Luxury hotels capture the minutest of details about guests. Oberoi Hotels & Resorts, for instance, records each detail of guests, including food/beverage preferences, allergies, housekeeping needs and preferred room temperature. Still, there are demands that leave them stumped. Take Bangalore's Hilton, an upscale hotel overlooking a scenic golf course that emails guests in advance to ask about their preferences. "It's an open-ended question. We generally expect people to share food preferences," says General Manager Parag Sawhney. However, one guest, in response to the mail, asked to be treated like royalty with his initials, in gold thread, weaved in bath robes and bed linen. Even though he was not a regular, Sawhney couldn't ignore the request. By the time the guest arrived, the hotel had got "SL" weaved into two pillows. It also got "Sanjay" embroidered on pockets of two bath robes. There were back-ups (two each) also in case one set went to the laundry. Sawhney, however, decided to take things a step further and served specially-prepared macaroons in a pattern that read like the guest's initials. "We believe in delighting our guests. We don't treat it as an expenditure but as an investment," he says.
Party Like a King
Dozens of high-profile parties are organised every year. But this one stands out. In July, a Chennai-based industrialist got in touch with Ruban Das, the officiating general manager at Hilton Chennai. He wanted to celebrate his father's 80th birthday. Das' brief was - it should not be a regular affair, and money was not a problem.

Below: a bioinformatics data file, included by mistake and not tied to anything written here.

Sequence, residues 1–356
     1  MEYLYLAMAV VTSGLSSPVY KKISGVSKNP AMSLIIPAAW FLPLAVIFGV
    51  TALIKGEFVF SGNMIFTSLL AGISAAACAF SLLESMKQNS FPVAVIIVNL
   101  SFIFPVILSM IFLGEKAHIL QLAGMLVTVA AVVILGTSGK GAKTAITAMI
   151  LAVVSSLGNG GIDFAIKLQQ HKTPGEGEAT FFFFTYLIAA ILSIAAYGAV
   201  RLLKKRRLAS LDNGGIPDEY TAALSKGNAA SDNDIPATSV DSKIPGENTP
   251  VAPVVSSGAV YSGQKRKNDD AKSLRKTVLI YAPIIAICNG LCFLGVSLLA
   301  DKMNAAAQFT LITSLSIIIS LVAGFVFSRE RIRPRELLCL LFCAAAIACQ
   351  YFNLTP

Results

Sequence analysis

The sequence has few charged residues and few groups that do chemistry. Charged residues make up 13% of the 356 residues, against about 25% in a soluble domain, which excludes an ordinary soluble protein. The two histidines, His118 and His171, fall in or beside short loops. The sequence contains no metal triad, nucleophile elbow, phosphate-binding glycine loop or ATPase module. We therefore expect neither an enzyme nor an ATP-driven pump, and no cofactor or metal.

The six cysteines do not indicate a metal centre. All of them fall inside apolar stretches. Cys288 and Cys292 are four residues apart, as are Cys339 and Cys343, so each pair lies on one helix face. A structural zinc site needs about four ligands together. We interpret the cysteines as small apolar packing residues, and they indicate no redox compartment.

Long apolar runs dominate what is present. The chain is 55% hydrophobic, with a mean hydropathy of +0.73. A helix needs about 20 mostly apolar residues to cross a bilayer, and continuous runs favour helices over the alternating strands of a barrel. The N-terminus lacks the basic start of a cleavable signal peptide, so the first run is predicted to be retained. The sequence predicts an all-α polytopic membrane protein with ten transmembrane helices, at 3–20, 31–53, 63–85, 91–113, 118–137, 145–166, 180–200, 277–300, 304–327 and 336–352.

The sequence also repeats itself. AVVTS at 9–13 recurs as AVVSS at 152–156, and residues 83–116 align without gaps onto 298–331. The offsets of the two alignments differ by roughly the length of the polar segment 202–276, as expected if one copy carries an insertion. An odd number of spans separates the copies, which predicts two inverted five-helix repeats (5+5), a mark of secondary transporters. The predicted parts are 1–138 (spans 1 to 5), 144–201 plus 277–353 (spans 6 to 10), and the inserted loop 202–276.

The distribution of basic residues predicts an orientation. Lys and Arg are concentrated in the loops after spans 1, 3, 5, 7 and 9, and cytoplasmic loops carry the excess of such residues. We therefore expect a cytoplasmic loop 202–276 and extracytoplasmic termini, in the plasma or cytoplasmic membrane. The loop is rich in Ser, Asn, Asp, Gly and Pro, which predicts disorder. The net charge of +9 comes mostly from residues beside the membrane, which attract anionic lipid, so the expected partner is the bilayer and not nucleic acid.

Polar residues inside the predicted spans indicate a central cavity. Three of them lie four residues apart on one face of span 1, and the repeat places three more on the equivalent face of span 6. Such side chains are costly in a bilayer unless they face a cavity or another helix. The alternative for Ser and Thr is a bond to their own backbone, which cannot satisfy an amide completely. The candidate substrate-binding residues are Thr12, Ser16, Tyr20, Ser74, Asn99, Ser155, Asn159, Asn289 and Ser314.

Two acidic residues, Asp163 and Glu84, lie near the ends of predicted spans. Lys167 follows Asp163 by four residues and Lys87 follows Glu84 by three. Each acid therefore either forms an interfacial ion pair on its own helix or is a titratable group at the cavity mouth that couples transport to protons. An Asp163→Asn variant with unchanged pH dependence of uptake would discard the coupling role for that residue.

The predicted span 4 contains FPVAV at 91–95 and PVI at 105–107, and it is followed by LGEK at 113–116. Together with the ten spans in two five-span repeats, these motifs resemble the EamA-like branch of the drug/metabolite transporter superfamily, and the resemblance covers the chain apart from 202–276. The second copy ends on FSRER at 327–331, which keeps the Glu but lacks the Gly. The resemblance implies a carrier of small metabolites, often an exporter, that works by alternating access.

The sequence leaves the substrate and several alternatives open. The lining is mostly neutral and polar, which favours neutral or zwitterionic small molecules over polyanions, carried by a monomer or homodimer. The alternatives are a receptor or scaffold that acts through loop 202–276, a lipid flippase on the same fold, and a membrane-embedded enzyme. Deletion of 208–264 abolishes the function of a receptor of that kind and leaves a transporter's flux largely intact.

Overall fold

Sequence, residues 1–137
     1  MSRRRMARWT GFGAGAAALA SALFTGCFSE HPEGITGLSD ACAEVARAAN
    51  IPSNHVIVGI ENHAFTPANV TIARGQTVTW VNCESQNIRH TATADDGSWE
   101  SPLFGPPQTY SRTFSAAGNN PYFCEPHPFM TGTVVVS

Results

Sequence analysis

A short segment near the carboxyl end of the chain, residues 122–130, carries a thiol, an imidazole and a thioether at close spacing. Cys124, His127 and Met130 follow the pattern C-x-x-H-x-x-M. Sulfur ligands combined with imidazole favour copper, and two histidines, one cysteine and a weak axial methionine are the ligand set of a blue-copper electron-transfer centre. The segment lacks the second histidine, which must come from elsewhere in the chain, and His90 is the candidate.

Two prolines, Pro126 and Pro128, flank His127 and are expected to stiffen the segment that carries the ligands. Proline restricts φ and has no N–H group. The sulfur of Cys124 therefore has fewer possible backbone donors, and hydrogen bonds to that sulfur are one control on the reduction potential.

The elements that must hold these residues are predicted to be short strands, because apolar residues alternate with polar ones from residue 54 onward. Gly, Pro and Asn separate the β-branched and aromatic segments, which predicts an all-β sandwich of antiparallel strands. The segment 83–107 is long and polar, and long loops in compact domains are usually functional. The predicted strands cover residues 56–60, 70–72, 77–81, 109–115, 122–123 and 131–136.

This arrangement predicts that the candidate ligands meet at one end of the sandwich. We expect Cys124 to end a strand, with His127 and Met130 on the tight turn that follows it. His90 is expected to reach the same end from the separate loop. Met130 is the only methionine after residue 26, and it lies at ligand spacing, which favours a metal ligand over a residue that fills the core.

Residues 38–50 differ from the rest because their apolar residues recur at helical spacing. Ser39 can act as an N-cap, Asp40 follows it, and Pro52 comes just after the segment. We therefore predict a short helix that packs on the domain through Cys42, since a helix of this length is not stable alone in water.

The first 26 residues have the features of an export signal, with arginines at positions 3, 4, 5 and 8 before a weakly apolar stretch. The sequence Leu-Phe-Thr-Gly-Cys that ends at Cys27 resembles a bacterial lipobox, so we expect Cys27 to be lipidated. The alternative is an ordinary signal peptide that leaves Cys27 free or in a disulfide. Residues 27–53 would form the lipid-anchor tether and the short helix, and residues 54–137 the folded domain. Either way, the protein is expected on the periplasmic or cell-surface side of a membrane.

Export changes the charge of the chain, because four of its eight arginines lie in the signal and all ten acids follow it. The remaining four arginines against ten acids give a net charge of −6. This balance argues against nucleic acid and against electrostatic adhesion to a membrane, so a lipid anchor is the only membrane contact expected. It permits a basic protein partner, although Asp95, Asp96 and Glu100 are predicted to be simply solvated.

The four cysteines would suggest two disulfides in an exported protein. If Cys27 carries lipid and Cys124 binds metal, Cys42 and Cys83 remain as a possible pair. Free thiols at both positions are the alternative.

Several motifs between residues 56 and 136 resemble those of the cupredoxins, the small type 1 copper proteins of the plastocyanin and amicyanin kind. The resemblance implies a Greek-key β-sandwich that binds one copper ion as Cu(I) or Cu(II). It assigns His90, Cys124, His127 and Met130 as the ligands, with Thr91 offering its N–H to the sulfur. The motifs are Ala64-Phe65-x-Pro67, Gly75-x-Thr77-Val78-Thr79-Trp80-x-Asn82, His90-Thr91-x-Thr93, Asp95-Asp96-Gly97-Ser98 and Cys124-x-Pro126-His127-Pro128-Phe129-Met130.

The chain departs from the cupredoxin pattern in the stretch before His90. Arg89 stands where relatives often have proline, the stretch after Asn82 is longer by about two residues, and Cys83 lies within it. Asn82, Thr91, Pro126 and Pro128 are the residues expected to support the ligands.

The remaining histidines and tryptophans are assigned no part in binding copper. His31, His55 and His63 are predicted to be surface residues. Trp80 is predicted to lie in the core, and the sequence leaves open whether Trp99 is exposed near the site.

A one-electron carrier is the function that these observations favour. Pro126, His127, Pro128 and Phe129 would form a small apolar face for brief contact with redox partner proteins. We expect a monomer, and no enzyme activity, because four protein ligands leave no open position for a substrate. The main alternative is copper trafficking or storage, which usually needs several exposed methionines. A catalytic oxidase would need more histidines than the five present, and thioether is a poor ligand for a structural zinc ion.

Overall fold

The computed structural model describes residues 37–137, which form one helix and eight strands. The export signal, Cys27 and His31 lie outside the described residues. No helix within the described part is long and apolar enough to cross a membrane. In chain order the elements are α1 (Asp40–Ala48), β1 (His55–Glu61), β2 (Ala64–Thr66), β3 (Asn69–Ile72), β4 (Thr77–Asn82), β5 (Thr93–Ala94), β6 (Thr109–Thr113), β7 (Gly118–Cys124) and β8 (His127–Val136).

Once the theme was finalised, Das and his team worked backwards to arrange for the party. The entire level three of the hotel was blocked, including the three dining set-ups that are otherwise open for guests. At the entrance, some 20 paparazzi-style photographers clicked pictures of guests. The next stage was human fountains. The music was unique. Violinists and cellists, flown in from Europe, played western classical music. The eight cabanas were revamped into souks serving eight different cuisines: Italian, Japanese, Mediterranean, Mandarin, Spanish, grills, kebabs and curries, and dim sum and fried. Some souks had their own appetizers, main course and desserts.
The highlight was formation of the cake. Some 40 chefs and associates, carrying 80 mini-cakes, paraded in the hall and formed a cake pyramid, synchronised with pyrotechnics. "The who's who of the city attended," says Das.
The growing demands of the affluent have spawned tens of concierge services. Most of them are making a killing. Take Quintessentially, which has 62 offices across the globe. In India, it offers three types of membership, starting from Rs 3 lakh per annum. The elite membership, which costs Rs 10 lakh, is the one that has the most takers.
Globally, the rich and the famous are known to make even more bizarre demands. Singing star Mariah Carey once asked a hotel to install a new toilet seat and gold faucets in her suite. American singer-songwriter Justin Timberlake insists that the entire hotel floor be booked for him and his entourage, air-conditioning filters changed before his arrival, and door knobs of his suite disinfected every two hours.
About two years ago, a rich Indian in his mid-50s asked his account manager to buy for him rare Japanese Shiba-Inu puppies. Why Shiba-Inu? Apparently, the man had watched the 2009 Hollywood movie, Hachi: A Dogs Tale, in which a dog of this breed plays a key role. Shiba-Inu are fiercely loyal to their families.
The standard procedure for every request, says Bose, starts with collecting information about sourcing and pricing. In this case, it sent details such as the dog's pedigree, break-up of costs, paperwork and immigration requirements, expected time of arrival, doctor's fee, etc. The twin puppies joined their new family in a few weeks.
Keeping the rich happy is not child's play, after all.